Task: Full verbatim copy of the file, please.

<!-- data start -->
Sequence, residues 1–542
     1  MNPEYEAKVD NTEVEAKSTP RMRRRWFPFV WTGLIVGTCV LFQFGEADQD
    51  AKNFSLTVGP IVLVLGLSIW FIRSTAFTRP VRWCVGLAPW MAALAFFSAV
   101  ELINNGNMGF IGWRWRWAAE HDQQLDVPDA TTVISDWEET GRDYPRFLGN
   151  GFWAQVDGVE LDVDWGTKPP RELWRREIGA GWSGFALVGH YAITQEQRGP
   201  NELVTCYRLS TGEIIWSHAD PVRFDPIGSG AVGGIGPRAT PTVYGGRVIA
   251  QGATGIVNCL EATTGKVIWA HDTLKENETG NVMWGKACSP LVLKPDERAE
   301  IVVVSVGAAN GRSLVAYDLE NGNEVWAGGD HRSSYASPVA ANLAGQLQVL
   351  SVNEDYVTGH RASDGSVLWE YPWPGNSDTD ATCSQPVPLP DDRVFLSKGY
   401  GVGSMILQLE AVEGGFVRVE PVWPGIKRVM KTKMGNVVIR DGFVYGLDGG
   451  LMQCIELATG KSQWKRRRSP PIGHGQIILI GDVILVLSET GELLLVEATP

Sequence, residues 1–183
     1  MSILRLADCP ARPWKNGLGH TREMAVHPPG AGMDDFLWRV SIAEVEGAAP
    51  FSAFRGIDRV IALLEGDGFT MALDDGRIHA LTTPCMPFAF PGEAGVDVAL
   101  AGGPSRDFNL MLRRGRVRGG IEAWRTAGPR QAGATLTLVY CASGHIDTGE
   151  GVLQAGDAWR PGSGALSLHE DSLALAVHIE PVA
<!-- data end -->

Sequence, residues 1–542
     1  MNPEYEAKVD NTEVEAKSTP RMRRRWFPFV WTGLIVGTCV LFQFGEADQD
    51  AKNFSLTVGP IVLVLGLSIW FIRSTAFTRP VRWCVGLAPW MAALAFFSAV
   101  ELINNGNMGF IGWRWRWAAE HDQQLDVPDA TTVISDWEET GRDYPRFLGN
   151  GFWAQVDGVE LDVDWGTKPP RELWRREIGA GWSGFALVGH YAITQEQRGP
   201  NELVTCYRLS TGEIIWSHAD PVRFDPIGSG AVGGIGPRAT PTVYGGRVIA
   251  QGATGIVNCL EATTGKVIWA HDTLKENETG NVMWGKACSP LVLKPDERAE
   301  IVVVSVGAAN GRSLVAYDLE NGNEVWAGGD HRSSYASPVA ANLAGQLQVL
   351  SVNEDYVTGH RASDGSVLWE YPWPGNSDTD ATCSQPVPLP DDRVFLSKGY
   401  GVGSMILQLE AVEGGFVRVE PVWPGIKRVM KTKMGNVVIR DGFVYGLDGG
   451  LMQCIELATG KSQWKRRRSP PIGHGQIILI GDVILVLSET GELLLVEATP

Sequence, residues 1–183
     1  MSILRLADCP ARPWKNGLGH TREMAVHPPG AGMDDFLWRV SIAEVEGAAP
    51  FSAFRGIDRV IALLEGDGFT MALDDGRIHA LTTPCMPFAF PGEAGVDVAL
   101  AGGPSRDFNL MLRRGRVRGG IEAWRTAGPR QAGATLTLVY CASGHIDTGE
   151  GVLQAGDAWR PGSGALSLHE DSLALAVHIE PVA